Episode highlight: Loads, but I’m gonna choose only one and it has to be Marge having the top of her bouffant hairdo chopped off by the spinning rotor blades of Burns’ helicopter. It’s a cheap laugh but, hey, it works.
Lemon of Troy
The back end of the sixth season, this is sheer quality. Remember a couple of years ago when the lemon memes were sweeping the internet? Well, that comes from a single, one-frame joke of about two seconds in length from this very episode. Essentially, Bart leads a group of Springfieldanite children to their rival town, Shelbyville, to retrieve a stolen lemon tree. Lemons being the sweetest fruit available at the time. The episode is revered for its extended reference to (hence the title) the Trojan War and for some quality, quotable jokes. Think of Homer shouting ‘toot on son, toot on’ or a lemon being hidden by a big, lemon-shaped rock. It is nothing more than a beautiful way to spend twenty-odd minutes of your life. It might be a touch moralistic but, as Jebediah Springfield said: “a noble spirit embiggens the smallest man” and that is the tangy flavour to this excellent episode.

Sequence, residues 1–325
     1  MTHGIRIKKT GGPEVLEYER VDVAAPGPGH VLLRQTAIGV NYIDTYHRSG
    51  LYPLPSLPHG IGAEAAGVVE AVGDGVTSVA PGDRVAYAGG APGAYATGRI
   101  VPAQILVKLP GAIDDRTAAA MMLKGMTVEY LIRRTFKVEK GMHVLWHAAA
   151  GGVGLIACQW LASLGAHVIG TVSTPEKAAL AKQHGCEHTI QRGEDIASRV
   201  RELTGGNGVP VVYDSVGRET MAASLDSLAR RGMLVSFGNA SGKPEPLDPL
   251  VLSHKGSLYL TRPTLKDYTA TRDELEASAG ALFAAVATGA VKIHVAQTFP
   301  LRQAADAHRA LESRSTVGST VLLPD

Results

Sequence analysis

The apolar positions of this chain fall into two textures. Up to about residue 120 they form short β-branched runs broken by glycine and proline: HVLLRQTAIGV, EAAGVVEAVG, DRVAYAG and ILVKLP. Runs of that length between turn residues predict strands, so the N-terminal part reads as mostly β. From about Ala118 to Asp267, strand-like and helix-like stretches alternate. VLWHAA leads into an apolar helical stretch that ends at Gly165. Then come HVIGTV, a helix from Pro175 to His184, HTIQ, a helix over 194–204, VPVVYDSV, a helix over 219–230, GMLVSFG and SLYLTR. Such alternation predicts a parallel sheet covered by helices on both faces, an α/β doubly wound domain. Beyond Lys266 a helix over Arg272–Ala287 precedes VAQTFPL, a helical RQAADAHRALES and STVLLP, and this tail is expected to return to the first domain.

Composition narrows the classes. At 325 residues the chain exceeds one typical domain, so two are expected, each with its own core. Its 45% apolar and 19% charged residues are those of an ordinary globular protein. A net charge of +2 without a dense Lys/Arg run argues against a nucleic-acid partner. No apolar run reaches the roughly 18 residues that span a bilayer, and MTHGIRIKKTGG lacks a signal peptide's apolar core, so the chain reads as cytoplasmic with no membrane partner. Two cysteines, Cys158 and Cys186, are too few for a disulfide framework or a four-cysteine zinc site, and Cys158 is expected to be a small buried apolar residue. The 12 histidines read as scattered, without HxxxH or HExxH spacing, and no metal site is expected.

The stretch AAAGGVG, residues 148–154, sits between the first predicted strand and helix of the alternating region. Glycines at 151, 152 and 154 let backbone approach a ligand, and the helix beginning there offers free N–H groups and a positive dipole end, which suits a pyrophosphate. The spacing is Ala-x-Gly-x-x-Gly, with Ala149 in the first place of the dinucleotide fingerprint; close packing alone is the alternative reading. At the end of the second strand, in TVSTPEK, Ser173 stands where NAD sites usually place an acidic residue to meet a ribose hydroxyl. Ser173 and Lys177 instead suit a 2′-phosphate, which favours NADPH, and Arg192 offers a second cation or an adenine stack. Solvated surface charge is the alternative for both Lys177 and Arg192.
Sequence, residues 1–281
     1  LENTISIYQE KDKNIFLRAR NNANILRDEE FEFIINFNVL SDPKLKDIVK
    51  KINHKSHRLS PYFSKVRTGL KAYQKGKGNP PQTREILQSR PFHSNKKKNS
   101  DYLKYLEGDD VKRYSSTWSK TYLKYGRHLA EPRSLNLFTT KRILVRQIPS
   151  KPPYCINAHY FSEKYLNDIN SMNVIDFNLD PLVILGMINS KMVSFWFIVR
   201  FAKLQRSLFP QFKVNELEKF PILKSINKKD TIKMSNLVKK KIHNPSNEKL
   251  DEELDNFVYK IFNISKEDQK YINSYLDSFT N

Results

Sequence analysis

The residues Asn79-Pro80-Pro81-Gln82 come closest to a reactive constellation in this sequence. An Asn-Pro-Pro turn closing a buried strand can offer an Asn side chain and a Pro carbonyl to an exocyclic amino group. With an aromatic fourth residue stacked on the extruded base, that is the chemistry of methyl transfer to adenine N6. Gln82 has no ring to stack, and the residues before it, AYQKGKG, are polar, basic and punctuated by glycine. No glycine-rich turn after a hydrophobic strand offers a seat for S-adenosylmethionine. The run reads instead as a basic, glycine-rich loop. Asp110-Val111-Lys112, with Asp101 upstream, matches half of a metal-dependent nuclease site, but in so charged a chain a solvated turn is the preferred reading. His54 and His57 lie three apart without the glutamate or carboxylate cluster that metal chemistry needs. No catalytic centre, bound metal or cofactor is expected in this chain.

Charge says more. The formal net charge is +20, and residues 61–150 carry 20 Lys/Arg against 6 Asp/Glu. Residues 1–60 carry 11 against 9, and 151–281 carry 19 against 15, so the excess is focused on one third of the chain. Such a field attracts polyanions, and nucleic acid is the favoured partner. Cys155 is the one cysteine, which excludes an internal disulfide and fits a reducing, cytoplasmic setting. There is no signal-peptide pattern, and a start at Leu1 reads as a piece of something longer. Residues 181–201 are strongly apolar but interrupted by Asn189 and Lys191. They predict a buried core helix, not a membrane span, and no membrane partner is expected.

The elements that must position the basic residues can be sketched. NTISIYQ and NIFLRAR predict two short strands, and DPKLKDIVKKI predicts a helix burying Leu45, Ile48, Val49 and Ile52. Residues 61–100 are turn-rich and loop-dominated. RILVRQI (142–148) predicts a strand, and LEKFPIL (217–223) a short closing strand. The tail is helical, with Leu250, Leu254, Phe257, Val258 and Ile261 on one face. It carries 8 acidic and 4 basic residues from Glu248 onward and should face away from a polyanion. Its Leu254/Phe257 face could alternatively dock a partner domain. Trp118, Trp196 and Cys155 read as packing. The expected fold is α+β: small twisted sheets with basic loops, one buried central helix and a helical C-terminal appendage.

Episode highlight: This is so hard but it’s probably when Nelson saves Martin from being beaten up, the effeminate Martin then bursts into an upbeat ballad about his saviour. It fits the historical nature to the show.
Any of the shows featuring Sideshow Bob is guaranteed to be sinister, prickly and filled with a glut of high-brow references and hilarious hijinks. Bob continues his personal vendetta against Bart Simpson and is released from prison because someone who can speak German can’t be an evil man, right? Several rakes and a witness protection relocation scheme later, Bob comes close to killing his nemesis. Thwarted once more, the former clown sidekick is sent to prison once more for attempted murder. One thing to remember is that scene where the witness relocation man tries to tell Homer his new identity and he just doesn’t get it. Also, the numerous references to classic films of the horror genre- Cape Feare, Psycho and the Silence of the Lambs are all ripe for parody at some stage. He gets his comeuppance in the end. Bake him away, toys.
Episode highlight: I couldn’t pick out anything other than Sideshow Bob standing on a bunch of rakes that just happened to be laid down on the harbour. He steps forward and thwack. This happens a total of nine times, with his embarrassed mutterings still heard in the background as the scene progresses elsewhere.
You may have your own favourites but there is no denying that the list of potential candidates is immense. I was so torn. It was a choice between those three and the one where Homer is the Beer Baron, the chilling first part of the Who Shot Mr Burns? scenario and, of course, that time when Springfield is hoodwinked by a conman monorail salesman.
I hope you enjoy dusting off your old memories of the world’s greatest TV show, just like I did.